Click the links for a look back at the main reds used by most artists, for a bit of history and a few tips.
“Some painters transform the sun into a yellow spot, others transform a yellow spot into the sun.” Pablo Picasso
Colorful Fridays has reached a turning point where the majority of single colors have been covered. Colorful Fridays will begin color mixes after recapping the colors we have covered. Here are the yellows:
Colorful Fridays is off at the Double Decker Festival in Oxford, Mississippi. Here is a return to the first Colorful Friday. See you next Friday!
“Like emotions, colours are a reflection of life.” – Janice Glennaway (from Irene Osborne)
Most greens fall into the yellow spectrum following the colors of leaves, grass and other growing things of the natural world. These greens usually produce a nice mud color if mixed with red. The discovery of Viridian green changed that, creating a clear bluish green perfect for cooler uses and making a better glazing green. Mixed with alizarin crimson, viridian makes a beautiful grey, similar to Payne’s grey. Viridian next to red creates an energetic drama.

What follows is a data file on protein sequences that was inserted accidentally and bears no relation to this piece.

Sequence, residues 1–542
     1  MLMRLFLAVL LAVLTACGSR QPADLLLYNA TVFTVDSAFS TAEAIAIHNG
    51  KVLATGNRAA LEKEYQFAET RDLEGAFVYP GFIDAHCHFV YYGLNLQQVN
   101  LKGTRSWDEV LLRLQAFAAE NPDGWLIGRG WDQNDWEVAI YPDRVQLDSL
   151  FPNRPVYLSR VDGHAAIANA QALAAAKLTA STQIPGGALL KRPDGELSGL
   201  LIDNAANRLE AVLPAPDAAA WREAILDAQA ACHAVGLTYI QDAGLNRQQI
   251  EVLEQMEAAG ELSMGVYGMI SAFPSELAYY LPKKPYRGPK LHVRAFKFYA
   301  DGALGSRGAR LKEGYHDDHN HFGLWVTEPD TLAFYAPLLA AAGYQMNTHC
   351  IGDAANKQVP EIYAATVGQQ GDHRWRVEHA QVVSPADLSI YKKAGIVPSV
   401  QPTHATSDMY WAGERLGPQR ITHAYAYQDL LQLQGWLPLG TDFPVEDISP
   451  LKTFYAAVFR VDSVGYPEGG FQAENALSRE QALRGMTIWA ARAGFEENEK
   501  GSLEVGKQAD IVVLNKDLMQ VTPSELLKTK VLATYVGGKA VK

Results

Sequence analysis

In the early nineteenth century, painters began looking for a less toxic green than the highly toxic emerald green. Painting Through the Ages states that viridian is Chromium oxide Dihydrate and was first patented in 1859 by Guignet of Paris. It quickly became a widely used color. So popular now it is even seen in the paint of cars…
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“But, luckily, he kept his wits and his purple crayon.” From Harold and the Purple Crayon (1955) (from Sensationalcolor.com)
If you want to know more about this deep rich clear purple, look to the artists. Only the artists have an appreciation for this purest purple. Dioxazine Purple is a mainstay for today’s flower and nature painting but is little known outside of artsy circles. Some users of printer’s ink may have a basic knowledge of Dioxazine Purple. But to find more about Dioxazine Purple, ask the artists who know.